STM32 Nucleo Hello World…Part 2

So after successfully managing to get a simple hello work program up and running on my new STM32 Nucleo development board using mbed I decided I would try some of the other tool chains available. Don’t get me wrong mbed is an awesome platform and offers some really great features but when it comes to development I want to get down and dirty with the micro controller and mbed doesn’t offer that flexibility.

There are a number of other tool chains that support the nucleo boards including IAR Embedded Workbench for ARM from IAR Systems,  Microcontroller Development Kit for ARM from Keil and TrueSTUDIO from Atollic. Not sure about TrueSTUDIO but both EWARM and MDK-ARM are available as free 32K code limited versions. This should be more than enough for modest developments. There are other limitations. I don’t think the limited version of EWARM offers any optimization for instance but I can live with that.

Because I use IAR Embedded Workbench a lot at work (not the ARM version I might add) I decided to try out the Keil MDK-ARM tool chain to see how it compares with the IARs. Below are the steps I took to install it and get the blinky example up and running.

Installing Keil MDK-ARM

  1. Firstly download and install the latest version of MDK-ARM from here. You will need to fill in a few details before downloading but you wont need to apply for a evaluation license.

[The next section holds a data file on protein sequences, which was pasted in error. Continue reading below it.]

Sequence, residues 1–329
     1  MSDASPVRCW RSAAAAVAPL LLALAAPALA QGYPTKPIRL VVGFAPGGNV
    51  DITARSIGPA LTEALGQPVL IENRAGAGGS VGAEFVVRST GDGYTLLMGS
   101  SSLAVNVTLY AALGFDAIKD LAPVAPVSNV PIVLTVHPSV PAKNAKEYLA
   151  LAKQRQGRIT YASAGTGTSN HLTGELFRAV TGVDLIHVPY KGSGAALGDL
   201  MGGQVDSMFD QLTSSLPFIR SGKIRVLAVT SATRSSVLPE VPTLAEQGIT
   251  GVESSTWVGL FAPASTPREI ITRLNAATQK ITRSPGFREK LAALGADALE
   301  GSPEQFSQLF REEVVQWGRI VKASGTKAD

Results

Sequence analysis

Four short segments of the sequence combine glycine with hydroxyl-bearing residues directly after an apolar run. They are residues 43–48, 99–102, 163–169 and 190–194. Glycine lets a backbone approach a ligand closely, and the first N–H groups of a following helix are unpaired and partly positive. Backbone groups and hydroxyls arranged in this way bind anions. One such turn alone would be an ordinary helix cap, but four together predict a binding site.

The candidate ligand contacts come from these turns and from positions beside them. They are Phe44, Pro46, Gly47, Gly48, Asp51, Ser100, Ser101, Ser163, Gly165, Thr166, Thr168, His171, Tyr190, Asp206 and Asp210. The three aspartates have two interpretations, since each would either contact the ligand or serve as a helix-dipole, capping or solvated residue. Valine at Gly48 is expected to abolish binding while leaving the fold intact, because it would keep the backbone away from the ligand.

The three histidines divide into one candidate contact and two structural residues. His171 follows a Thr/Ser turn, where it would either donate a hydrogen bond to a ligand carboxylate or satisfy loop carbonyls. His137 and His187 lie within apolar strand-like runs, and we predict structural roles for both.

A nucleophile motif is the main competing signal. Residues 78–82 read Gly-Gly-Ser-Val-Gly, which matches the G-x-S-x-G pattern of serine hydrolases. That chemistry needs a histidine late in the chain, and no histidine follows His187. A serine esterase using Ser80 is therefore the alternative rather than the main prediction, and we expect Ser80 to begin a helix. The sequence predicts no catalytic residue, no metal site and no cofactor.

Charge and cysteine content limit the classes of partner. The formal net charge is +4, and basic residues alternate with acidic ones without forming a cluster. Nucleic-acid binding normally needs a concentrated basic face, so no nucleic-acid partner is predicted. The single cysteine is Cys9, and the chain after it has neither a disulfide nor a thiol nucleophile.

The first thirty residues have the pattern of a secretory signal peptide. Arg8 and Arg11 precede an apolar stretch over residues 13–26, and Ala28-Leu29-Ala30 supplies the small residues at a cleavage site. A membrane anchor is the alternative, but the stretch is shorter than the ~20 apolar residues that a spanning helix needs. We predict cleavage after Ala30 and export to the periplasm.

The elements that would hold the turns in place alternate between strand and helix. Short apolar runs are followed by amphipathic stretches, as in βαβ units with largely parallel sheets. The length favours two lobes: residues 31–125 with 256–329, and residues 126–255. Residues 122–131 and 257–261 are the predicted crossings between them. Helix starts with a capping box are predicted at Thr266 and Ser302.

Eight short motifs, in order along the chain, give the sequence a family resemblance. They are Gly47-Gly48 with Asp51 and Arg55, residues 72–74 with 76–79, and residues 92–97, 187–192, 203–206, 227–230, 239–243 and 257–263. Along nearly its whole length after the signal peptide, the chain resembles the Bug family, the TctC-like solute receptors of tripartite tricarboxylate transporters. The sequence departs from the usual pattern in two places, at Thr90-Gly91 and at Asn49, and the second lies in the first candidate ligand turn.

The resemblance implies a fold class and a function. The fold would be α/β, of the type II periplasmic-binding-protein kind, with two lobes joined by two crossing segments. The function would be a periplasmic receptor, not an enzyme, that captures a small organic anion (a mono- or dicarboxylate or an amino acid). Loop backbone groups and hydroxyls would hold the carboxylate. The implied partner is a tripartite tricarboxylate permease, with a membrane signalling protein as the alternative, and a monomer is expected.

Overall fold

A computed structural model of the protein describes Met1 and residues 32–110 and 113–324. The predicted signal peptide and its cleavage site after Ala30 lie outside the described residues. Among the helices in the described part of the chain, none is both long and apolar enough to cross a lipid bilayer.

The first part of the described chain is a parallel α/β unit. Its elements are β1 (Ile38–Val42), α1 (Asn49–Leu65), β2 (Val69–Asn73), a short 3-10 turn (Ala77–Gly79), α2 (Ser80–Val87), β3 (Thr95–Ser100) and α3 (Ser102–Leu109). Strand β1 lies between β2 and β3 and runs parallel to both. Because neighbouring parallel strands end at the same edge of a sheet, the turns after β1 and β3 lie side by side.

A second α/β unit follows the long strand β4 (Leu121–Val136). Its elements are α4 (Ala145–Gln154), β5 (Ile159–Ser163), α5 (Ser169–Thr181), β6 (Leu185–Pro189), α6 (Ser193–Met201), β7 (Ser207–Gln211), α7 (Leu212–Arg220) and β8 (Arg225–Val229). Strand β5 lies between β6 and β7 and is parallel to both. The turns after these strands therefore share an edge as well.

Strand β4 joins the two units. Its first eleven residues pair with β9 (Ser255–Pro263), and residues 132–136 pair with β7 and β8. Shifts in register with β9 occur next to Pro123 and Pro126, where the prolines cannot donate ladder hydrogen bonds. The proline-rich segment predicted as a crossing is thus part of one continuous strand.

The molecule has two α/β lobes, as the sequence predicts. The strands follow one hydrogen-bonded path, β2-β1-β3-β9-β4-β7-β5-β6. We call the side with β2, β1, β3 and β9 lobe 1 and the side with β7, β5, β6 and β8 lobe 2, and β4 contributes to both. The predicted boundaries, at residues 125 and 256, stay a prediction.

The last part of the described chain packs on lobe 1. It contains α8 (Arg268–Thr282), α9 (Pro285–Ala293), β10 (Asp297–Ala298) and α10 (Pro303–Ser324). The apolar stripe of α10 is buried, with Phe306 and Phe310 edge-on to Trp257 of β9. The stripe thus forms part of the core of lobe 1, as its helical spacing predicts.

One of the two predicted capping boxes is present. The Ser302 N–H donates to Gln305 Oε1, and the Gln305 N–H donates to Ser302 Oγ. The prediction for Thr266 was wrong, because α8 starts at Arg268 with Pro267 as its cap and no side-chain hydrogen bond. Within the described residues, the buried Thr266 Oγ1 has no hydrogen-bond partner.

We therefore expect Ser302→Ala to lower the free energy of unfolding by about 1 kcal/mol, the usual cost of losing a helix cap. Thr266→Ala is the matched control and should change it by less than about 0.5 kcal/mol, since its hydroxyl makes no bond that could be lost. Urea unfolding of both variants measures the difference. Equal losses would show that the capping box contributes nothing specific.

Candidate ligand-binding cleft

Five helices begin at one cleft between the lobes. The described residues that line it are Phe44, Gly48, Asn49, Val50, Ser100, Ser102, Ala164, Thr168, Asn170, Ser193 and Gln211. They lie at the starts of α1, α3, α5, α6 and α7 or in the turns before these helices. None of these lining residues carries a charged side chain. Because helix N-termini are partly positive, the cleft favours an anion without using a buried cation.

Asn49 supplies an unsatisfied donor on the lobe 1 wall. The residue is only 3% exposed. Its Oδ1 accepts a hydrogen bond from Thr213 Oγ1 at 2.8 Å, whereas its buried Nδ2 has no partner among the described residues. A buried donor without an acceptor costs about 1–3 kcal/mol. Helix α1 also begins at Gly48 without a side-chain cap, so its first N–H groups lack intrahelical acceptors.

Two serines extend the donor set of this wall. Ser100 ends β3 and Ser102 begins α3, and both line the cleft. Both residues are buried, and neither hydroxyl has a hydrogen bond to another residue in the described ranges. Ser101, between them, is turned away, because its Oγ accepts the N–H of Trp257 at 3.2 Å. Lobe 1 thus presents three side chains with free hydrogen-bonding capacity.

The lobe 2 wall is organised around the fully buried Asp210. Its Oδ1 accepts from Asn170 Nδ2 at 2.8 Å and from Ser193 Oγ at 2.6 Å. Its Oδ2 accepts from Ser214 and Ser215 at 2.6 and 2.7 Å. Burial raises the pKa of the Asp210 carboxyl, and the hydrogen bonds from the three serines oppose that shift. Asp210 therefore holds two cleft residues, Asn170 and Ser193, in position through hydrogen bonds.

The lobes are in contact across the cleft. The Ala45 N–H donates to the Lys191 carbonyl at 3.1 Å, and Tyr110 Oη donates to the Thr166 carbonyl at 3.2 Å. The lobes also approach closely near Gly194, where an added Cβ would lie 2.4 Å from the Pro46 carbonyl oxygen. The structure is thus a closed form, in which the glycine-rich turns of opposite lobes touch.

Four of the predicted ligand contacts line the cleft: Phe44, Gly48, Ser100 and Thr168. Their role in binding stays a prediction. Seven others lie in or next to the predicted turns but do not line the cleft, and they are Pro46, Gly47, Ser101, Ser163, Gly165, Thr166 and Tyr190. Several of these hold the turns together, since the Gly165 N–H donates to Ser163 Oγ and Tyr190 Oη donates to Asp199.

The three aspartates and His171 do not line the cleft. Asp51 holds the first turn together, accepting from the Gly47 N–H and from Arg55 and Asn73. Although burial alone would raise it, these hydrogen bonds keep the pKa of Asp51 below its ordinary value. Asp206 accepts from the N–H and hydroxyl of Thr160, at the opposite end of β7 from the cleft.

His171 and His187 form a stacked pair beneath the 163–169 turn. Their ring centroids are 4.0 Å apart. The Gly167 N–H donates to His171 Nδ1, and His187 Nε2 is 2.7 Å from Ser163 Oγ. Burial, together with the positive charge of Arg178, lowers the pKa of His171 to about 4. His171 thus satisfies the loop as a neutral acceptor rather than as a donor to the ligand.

2. After the installation has completed launch the newly installed Keil uVision IDE.
  3. Next you need to make sure the middle ware and other packages are up to date. Go to the “Project” menu, select “Manage” and then “Pack Installer”.
  4. Select the “Boards” tab on the right hand side and highlight the “NUCLEO-F401RE” board.
  5. A list of available packs should now appear on the left hand side.
  6. To update the packs click on the install button in the “Action” column of each pack in turn. Ensure the following are up to date. “ARM::CMSIS”, “Keil::MDK-Middleware”, “Keil::STM32F4xx_DFP” and “Keil::STM32NUCLEO_BSP”.
  7. When complete close the pack installer.

Install the STLink USB driver

If you haven’t already done so you will need to download and install the STLink/V2-1 USB drivers from here.

Upgrade STLink

Although not essential its probably a good idea to update the STLink firmware on the STM32 Nucleo board to the latest version by downloading and running the STLink upgrade tool here.

  1. Connect your STM32 Nucleo board to your PC via the USB connector CN1.
  2. Run ST-LinkUpgrade.exe.
  3. Press the “Device Connect” button to connect to your STM32 Nucleo board.
  4. The current firmware version should be displayed and if older than the latest version the message “Upgrade the firmware to VX.XXX.XX” should be shown.stlink_upgrade
  5. Click “Yes>>>>” to perform the upgrade.

Copy the Blinky example

  1. Open the Keil uVision IDE and go to the “Project” menu, select “Manage” and then “Pack Installer”.
  2. Select the “Boards” tab on the right hand side and highlight the “NUCLEO-F401RE” board.